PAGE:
An estimated 50 parents and teachers demonstrated outside the "Won't Back Down" film premiere in New York Sunday. Demonstrators said the film pushes for more testing, closures, teacher bashing and the privatization of public schools.
"I'm not Maggie Gyllenhaal, but I play her in real life," Zakiyah Ansari, a mother of eight, an education advocate and the organizer of the protest told the Hollywood Reporter. "When you have a super PAC like StudentsFirst pushing this movie, we are not fooled. We know the agenda of this group pushes for more testing, closures, teacher bashing and the privatization of our public schools."
Colorlines.com's education reporter Julianne Hing published a story Wednesday that called the film a "a well-funded political tool to advance a hot-button school reform policy around the nation. Hing's story "Hollywood Takes Up School Reform's Latest Agenda in 'Won't Back Down'" describes the policy debate behind the film:
The film dramatizes the real-life policy debate happening right now across the country as states debate parent trigger laws which give parents the power to dissolve and remake their kids' failing public schools if organizers can garner the support of more than 50 percent of parents at the school. Parent trigger backers, among them the former Washington D.C. schools chief Michelle Rhee and Secretary of Education Arne Duncan, have said that the law, which is on the books in seven states, is a powerful tool to empower parents, who are too often left out of the school reform debate. Yet skeptics say the law only provides the illusion of parental empowerment--that the law is designed to shortcut the destabilization of public schools, and the actual process doesn't leave room to ensure lasting involvement from parents.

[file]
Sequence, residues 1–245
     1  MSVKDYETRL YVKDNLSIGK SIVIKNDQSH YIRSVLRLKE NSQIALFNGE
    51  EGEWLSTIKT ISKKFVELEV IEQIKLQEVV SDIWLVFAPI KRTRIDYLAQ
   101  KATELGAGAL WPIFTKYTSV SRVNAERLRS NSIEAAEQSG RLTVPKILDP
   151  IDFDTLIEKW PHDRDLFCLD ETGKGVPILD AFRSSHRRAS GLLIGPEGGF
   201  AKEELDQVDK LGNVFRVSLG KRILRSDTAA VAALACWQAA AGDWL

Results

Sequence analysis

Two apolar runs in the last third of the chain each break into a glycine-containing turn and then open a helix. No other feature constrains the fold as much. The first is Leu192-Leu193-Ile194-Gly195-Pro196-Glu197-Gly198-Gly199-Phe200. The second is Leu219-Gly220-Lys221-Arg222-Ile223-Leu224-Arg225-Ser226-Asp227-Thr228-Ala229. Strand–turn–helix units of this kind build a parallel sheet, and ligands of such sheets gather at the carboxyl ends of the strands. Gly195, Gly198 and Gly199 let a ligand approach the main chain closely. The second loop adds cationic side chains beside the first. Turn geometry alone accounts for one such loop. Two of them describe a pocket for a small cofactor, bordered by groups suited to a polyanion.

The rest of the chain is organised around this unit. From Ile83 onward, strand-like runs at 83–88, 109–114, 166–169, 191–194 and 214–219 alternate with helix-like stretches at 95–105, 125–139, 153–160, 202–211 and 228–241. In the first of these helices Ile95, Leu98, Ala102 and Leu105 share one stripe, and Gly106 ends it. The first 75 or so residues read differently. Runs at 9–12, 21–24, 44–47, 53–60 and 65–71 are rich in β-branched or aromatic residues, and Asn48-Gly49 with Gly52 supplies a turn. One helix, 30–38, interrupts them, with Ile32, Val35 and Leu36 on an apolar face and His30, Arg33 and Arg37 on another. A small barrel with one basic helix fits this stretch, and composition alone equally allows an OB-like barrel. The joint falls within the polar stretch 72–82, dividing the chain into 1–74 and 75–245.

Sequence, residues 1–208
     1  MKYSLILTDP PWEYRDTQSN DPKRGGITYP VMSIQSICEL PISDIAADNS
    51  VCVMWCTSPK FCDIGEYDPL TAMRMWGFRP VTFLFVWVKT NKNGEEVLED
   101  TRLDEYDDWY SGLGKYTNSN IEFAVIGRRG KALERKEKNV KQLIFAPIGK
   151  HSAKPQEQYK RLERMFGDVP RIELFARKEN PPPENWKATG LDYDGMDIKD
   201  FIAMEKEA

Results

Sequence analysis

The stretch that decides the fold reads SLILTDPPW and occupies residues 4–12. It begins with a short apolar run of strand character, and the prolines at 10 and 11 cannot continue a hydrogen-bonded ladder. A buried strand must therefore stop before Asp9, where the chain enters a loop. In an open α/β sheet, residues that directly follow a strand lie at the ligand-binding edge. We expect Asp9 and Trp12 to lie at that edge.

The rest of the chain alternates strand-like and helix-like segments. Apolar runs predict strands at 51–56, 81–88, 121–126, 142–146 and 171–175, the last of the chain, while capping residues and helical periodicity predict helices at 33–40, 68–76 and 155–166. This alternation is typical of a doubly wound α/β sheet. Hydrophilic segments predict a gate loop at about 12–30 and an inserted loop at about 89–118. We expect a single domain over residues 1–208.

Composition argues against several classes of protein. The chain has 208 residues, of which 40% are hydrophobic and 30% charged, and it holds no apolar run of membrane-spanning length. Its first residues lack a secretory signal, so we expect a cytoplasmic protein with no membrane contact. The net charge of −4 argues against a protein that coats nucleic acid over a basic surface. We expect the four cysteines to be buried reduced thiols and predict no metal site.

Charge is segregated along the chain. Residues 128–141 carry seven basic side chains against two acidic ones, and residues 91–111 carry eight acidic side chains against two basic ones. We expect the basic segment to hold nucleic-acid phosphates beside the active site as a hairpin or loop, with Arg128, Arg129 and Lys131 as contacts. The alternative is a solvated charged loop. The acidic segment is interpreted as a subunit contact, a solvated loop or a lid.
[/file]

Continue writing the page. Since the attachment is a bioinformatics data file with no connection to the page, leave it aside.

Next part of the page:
Davis appeared on the "Today" show Monday morning applauded the protesters.
"I welcome protests," Davis said on the 'Today Show' the following morning. "I welcome discourse; I think discourse is a good thing. I think it spearheads change.... And you know what, in this movie, the teacher at the end of the day is the hero. They save the day. And it's a system that's broken, that needs to be fixed."
Film reviewers have given "Won't Back Down" a 33 percent freshness score on the film review website, Rotten Tomatoes.
Michael Phillips of the Chicago Tribune claims that "You know exactly where the movie stands straight off," after describing the film's opening with an apathetic teacher. "['Won't Back Down'] represents an unusually blunt attempt to make movie audiences feel good about feeling lousy about public education and the good-for-nothing union-coddled teachers destroying a generation of learners."
That's not very good and perhaps why opening weekend expectations for the film remain soft. Insiders expect the $19-million movie to pull in less than $5 million when it opens against the sci-fi time travel film "Looper" and the animated comedy "Hotel Transylvania."